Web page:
Is there such an application that will allow you to highlight certain lines in an Assembly program for optimizing? eg. in a 20 line code segment, identify which instructions must be after which ones. It would then create all 200 etc permutations of the lines which give the exact same result but run at different speeds. Then you can assemble all 200 asm files and test for speed.

This would effetively serve to hand optimize routines without hand optimizing them per se by checking instruction latency, ports, etc.

Thanks.
Posted on 2005-12-25 12:44:39 by V Coder
VTUNE?
Posted on 2005-12-25 16:22:13 by The Svin
Yeah - Vtune is cool. It can tell you how to write the code so the app will perform best on all intels. Alternatively you can dig Agner Fogg's tutorials on optimization and do the job yourself (more fun IMHO).
Posted on 2005-12-26 20:37:18 by ti_mo_n
Thanks.

I tried vtune briefly. Short trial period iirc - and I was studying early in the trial period and had little time to experiment with it. Aldo, I don't yet want to spend that kind of money on a non income-generating project. I'll look at it again.

I've used the Agner Fog optimization guidelines and the Intel/AMD optimization manuals. I'm actually optimizing code for multiple platforms. I'm just wondering if I can squeeze another 1 or 2 or 5 or 10% out of the routines.

Yet I was thinking more of a brute force optimizer. No software hints, no Agner Fog: Load the asm program into a this app, and it produces 200+ asm variants of the code you have entered. Same instructions in different order. You run ml etc on all 200 and you test the speed yourself.

Is there an assembly program to do that?

Posted on 2005-12-27 20:20:37 by V Coder
It looks like writing something between a logic analyzer and an assembler. The assembler part shouldn't be very difficult, but the first part, where you must analyze the logic of a proc and then generate n routines that maintain that logic, is quite a challenge. Try reading any C(++) optimiizng compiler sources (like MS visual c++) to get the idea how it works. Unfortunately I don't know any open-source C(++) optimizing compiler (I just use MS's VC++).
Posted on 2005-12-27 22:13:17 by ti_mo_n
Well actually, I was thinking just an programmable text editor.

Lets say I have a program:
A
B
C**
D**
E**
F**
G**
H

Instruction E must follow C, F must follow D, and G must follow E, and I want to optimize that 5 instruction sequence, leaving A, B, H in place.

I can have {D, F, C, E, G}; {C, D, F, E, G}; {C, E, D, F, G}; {C, E, G, D, F}, plus several other arrangements. I want the program to produce the how ever many options in separate asm files. Then we'll need a batch file to run the assembler.

The program I'm describing need not understand anything about assembly. It must just obey instructions.
Posted on 2005-12-27 22:55:40 by V Coder
This way you'll gain no more than 1%. Simply rearranging the instructions gives (almost) no gain because nowadays CPUs execute the instructions out of order.
Posted on 2005-12-28 07:12:19 by ti_mo_n

  I have found in my experience my P4 can give quite a decent speed boost by re-arranging the instructions ( much more than 1%).  The P4 by no means does a fantastic job of instruction re-ordering, otherwise I wouldn't have seen decent speedups from swapping instructions around.  I had planned on writing a program exactly like you are proposing, but I ran out of time.  I wrote something similar that finds the optimal prefetch distance for the "prefetch" instruction.  It would try all combinations of the location of the instruction in a loop, plus all different offsets into the buffer you are trying to prefetch.  I wrote a program that would automatically compile all those different combinations, and run them, saving the output of the speed of the routine in cycles into one big huge text file.  I sorted the text file to find the fastest one.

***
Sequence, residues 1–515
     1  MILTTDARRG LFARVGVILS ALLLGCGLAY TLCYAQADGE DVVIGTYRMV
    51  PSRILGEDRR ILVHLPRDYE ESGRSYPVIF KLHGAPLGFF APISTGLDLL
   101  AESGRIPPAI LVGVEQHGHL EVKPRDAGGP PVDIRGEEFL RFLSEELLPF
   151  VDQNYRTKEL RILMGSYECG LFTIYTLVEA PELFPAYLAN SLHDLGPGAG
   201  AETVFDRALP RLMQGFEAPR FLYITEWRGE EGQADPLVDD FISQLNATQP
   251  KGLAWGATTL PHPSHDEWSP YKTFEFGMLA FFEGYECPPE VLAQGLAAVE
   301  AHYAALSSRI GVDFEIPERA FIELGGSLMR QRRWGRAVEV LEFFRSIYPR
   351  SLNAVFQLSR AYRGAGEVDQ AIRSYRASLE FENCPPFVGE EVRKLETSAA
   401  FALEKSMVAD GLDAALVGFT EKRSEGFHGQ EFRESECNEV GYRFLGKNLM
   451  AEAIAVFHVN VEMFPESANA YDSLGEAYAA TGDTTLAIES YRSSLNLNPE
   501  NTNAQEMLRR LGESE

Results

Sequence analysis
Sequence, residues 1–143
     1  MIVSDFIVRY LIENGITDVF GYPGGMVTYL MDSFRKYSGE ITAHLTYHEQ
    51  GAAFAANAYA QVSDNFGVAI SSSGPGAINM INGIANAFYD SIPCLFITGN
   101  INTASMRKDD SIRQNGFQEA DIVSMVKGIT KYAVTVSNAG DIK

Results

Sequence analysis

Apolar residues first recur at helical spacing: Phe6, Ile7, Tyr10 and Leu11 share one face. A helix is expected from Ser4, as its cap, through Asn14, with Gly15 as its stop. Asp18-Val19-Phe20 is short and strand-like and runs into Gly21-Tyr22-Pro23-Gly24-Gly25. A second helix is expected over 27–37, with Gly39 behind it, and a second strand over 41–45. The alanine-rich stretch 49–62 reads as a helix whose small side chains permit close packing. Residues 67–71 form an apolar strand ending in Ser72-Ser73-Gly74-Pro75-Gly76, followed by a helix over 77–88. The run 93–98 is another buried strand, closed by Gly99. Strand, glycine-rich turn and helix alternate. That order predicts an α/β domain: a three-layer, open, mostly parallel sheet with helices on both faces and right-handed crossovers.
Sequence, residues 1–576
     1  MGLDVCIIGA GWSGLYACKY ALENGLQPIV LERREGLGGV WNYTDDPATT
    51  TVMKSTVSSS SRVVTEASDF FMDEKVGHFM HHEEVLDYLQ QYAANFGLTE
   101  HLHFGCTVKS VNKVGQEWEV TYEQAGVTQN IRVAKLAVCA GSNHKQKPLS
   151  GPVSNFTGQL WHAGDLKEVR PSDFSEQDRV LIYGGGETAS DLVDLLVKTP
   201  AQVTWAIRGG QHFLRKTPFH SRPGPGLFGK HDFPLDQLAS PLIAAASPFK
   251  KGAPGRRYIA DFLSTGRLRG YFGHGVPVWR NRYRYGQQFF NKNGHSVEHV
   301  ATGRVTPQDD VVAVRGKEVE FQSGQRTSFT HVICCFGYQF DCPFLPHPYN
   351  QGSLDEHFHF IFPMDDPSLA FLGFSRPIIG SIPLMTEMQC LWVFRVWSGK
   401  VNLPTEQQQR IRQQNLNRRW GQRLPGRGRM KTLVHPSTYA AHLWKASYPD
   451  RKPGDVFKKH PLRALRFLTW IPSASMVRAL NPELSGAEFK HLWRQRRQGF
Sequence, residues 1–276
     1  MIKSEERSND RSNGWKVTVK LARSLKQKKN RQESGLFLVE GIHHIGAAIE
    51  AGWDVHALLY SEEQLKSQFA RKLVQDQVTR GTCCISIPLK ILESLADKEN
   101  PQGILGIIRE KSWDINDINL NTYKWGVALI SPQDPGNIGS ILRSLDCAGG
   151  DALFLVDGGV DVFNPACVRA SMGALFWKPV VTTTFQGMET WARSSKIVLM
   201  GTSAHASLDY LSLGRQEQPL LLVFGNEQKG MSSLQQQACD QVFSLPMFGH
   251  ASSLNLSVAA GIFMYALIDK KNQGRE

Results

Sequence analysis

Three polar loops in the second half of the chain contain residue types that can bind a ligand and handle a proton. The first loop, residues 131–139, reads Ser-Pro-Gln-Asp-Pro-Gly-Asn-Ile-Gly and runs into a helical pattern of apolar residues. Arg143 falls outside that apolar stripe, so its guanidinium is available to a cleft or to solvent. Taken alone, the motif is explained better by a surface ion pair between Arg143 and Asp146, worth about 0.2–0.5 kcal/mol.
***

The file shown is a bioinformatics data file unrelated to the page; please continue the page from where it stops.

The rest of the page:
Posted on 2005-12-29 10:27:55 by mark_larson
I was hoping to get that 1% out of an Athlon routine, plus that x% from the Pentium III and Pentium 4 routines. I've recently optimzed stuff for a Pentium III, Athlon and P4. My program chooses the appropriate processor at run-time.

The Athlon appears to reorder aggressively, since running the base algorithm took 144 seconds but manual optimization eventually got it down to 140 seconds. I was wondering if I could get that down further. I tried loop unrolling, but I would need to optimize the unrolled loop manually. The Pentium III and Pentium 4 do not appear to reorder as well, and manual optimization got good results. I have no doubt that my manual optimization is not yet optimal, and thus I was looking for an easier way to do this.

Mark, do you expect to write such a program? And how soon? Thanks.

I would be interested in that prefetch optimization routine as well. Thanks.
Posted on 2006-01-07 18:31:18 by V Coder
New AMD chips are better than new Intel chips, that's just how it is for now.

r22's QUICK REFERENCE OPTIMIZATION POST

Rroutines,
-If the routine can be made parallel use SIMD instructions
-Use CMOV's and other branch avoiding techniques especially inside loops
-If you're moving a lot of data (ie > 4096 bytes) prefetchnta
-Post your routine for other people with experience to check out, if a decent optimization is there usually someone will tell you about it.

Memory
-Take/Give as much data as possible on reads and writes
-Unaligned data movs use 32byte chunks
-Aligned data movs use SIMD chunks as big as you can ~64bytes
-Aligned and Unaligned, align the READ and keep the WRITE unaligned
-Prefetching big READs/WRITEs, use a loop with 2 prefetch instructions inside,
prefetch ~4096bytes with the loop then use another loop for your READs

mov ecx,32
Prefnontemp:
prefetchnta byte
prefetchnta byte
add edi,128
dec ecx
jnz Prefnontemp
sub edi,128*32

Math
-Use LEA instead of Mul and Add combos
-Integer: Div or Mul by power of 2 use a shift
-Integer: Div x/y if y is known use magic number multiply
-Integer: Div x/y if y is NOT known USE FPU for 32 or 64bit ints

div latency 39/71 for 32bit and 64bit
idiv latency 42/74 for 32bit and 64bit
fild 2x latency 12 (6+6)
fdiv latency 20/24 for 32bit and 64bit reals
fistp latency 4
FPU int divide 36/40 for 32bit and 64bit integers
-SIMD: Don't use DIV, use RCP and MUL combo
-SIMD: Use LUT approximations or taylor expansion approximations for trig functions

Unrolling
-Unroll after you've optimized yoru code
-Unroll 2x first and reoptimize the structure of the code
-Try to seperate consecutive WRITEs to the same register or memory location

BAD
inc ecx
mov ebx,eax
add ebx,10
BETTER
mov ebx,eax
inc ecx
add ebx,10
-Try to keep 32bit and 16bit instructions apart from eachother
-Unrolling too much can sometimes make the code run slower, so benchmark

That's a good start
Posted on 2006-01-07 23:10:26 by r22